What else? It was easy, I'll give it that. I didn't have to spend too long inside it (though I do have to blog about it, so its briefness provides only so much solace). Ugh I just realized that SAVE ME crosses SPARE ME, GAH, are there other "VERB-ME"s lurking around this grid ... no, just a stray NOT I. I had "trouble" exactly once: when I misspelled ELIA and also couldn't readily come up with either VERB (23D: Crow, but not magpie) or TERM (31A: Sentence ... or something found in a sentence). I wanted something like BRAG for the crow/magpie clue, but was rewarded with the much more generic VERB. TERM was invisible only because I had that "I" in ELEA, I think. There were no other trouble spots in this grid. And now it's over. And I'm out. Hope you (and I) get something ... else, tomorrow. Good day.

Signed, Rex Parker, King of CrossWorld

[Follow Rex Parker on Twitter and Facebook]


Friend of Forman and Fez on That 70s Show / TUE 3-29-22 / Onetime movie studio rival of MGM / Rocky outcrops / Ancient statesman known as the Censor / Valuable violin informally

Tuesday, March 29, 2022

Constructor: Jamey Smith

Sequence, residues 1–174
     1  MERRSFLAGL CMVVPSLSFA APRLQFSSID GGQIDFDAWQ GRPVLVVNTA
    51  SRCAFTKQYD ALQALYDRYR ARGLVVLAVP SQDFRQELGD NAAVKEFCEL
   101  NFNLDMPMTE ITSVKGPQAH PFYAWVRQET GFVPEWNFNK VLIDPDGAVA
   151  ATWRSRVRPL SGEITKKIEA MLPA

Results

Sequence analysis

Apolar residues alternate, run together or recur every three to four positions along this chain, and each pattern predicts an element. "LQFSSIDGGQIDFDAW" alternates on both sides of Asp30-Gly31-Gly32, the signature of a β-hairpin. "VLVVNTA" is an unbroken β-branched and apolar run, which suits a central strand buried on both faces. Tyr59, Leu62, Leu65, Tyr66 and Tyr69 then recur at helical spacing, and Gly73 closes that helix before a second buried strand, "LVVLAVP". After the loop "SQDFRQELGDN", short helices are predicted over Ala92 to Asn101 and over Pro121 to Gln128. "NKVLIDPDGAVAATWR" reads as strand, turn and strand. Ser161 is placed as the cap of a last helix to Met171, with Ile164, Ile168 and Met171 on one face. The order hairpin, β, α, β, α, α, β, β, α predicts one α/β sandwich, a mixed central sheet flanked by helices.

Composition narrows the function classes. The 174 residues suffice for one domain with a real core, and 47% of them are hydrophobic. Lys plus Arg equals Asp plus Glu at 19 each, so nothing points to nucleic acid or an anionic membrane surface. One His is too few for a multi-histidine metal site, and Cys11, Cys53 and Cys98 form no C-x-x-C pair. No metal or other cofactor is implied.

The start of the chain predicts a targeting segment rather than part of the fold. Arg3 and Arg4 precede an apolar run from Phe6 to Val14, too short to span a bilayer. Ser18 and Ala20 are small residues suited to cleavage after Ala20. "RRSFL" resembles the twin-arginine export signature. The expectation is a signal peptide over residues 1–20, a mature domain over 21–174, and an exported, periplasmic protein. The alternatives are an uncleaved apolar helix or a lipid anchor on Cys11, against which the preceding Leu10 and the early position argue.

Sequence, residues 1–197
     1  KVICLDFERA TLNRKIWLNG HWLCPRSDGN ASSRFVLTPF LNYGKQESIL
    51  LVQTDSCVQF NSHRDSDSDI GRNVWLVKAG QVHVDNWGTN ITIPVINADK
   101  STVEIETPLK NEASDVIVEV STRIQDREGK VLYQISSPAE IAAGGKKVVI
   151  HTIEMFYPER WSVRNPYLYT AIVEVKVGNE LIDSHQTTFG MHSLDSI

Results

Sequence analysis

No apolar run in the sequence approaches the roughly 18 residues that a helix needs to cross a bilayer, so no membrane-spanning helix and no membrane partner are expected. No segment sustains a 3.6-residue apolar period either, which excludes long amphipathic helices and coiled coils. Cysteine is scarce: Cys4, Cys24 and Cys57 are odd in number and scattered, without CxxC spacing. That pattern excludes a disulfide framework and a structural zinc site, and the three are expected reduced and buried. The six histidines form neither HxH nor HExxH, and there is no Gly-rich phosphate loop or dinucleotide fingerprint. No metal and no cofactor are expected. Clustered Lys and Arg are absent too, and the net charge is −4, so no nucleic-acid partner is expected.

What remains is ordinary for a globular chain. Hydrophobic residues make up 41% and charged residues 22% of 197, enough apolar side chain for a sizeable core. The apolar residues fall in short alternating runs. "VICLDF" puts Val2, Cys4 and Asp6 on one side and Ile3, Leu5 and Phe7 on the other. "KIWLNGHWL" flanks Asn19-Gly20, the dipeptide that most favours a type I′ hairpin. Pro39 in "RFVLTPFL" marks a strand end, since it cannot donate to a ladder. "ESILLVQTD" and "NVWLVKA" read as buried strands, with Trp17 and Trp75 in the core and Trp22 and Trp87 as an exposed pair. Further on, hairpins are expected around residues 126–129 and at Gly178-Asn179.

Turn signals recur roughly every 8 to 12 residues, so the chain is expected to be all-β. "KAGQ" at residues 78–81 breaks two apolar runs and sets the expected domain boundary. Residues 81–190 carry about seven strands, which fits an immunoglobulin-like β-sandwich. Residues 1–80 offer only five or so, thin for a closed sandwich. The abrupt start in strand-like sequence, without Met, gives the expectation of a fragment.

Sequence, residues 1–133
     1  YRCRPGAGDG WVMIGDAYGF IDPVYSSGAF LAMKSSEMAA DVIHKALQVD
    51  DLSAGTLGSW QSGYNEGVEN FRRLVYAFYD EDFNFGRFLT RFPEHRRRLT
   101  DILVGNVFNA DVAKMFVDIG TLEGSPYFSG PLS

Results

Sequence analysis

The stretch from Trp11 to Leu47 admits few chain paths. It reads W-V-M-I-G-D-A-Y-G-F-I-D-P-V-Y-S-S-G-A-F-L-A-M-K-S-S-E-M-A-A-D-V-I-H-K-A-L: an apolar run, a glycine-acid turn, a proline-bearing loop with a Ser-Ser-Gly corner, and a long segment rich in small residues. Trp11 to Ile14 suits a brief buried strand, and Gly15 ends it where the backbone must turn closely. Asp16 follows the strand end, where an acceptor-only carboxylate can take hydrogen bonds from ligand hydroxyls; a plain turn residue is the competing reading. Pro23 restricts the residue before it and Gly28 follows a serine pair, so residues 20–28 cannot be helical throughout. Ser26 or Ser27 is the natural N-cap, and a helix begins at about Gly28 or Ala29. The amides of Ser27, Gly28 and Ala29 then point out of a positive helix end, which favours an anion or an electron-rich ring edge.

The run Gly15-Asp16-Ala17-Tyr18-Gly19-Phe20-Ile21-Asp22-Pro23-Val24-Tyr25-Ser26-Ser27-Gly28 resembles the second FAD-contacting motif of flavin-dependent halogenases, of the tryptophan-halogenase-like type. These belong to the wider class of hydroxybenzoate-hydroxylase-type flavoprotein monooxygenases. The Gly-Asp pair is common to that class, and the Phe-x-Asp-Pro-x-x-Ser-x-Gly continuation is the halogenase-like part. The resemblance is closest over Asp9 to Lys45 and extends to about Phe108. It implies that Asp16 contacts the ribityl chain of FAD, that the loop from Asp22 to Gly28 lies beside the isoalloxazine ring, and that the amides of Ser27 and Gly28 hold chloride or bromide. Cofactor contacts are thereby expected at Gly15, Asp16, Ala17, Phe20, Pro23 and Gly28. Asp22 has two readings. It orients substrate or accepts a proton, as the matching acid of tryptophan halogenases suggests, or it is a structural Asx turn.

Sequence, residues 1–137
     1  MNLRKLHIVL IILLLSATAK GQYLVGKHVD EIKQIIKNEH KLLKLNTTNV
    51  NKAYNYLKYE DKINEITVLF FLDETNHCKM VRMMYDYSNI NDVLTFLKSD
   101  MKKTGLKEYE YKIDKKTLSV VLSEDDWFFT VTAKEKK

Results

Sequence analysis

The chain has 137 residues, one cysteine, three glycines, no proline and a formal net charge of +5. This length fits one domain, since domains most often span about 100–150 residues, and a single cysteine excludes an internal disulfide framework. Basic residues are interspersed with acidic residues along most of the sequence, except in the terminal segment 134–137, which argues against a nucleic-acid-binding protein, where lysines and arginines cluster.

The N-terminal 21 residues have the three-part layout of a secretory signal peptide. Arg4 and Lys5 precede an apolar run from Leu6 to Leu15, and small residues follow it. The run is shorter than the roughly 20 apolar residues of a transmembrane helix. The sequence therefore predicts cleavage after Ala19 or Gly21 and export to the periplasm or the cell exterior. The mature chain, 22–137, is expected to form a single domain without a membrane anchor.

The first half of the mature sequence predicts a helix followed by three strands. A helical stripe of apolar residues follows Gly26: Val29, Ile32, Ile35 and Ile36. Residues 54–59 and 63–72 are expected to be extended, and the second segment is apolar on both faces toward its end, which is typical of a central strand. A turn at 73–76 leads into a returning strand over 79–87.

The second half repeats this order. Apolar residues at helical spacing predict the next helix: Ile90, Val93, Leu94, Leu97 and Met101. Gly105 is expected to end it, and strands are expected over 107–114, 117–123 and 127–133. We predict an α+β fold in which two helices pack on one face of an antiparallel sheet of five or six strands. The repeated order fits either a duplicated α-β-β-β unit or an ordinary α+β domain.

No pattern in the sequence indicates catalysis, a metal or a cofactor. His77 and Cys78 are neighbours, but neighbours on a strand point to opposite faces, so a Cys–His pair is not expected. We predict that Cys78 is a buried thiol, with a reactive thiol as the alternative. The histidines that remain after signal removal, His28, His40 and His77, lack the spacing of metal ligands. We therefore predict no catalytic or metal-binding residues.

Relative difficulty: Easy (easiest Tuesday puzzle I've done in a long time, easier than most Mondays)

THEME: toponyms — specifically, toponyms that are also metonyms for industries:

Theme answers:
  • NASHVILLE (18A: "The country music industry")
  • K STREET (20A: "The lobbying industry")
  • SILICON VALLEY (26A: "The high-tech industry")
  • MADISON AVENUE (42A: "The advertising industry")
  • DETROIT (51A: "The automotive industry")
  • HOLLYWOOD (54A: "The film industry")
Word of the Day: toponym / metonym (see ... all the theme answers) —
toponymics, or toponomastics (from Ancient Greekτόπος / tópos, 'place', and ὄνομα / onoma, 'name') is the study of toponyms (proper names of places, also known as place name or geographic name), their origins and meanings, use and typology. Toponym is the general term for a proper name of any geographical feature, and full scope of the term also includes proper names of all cosmographical features.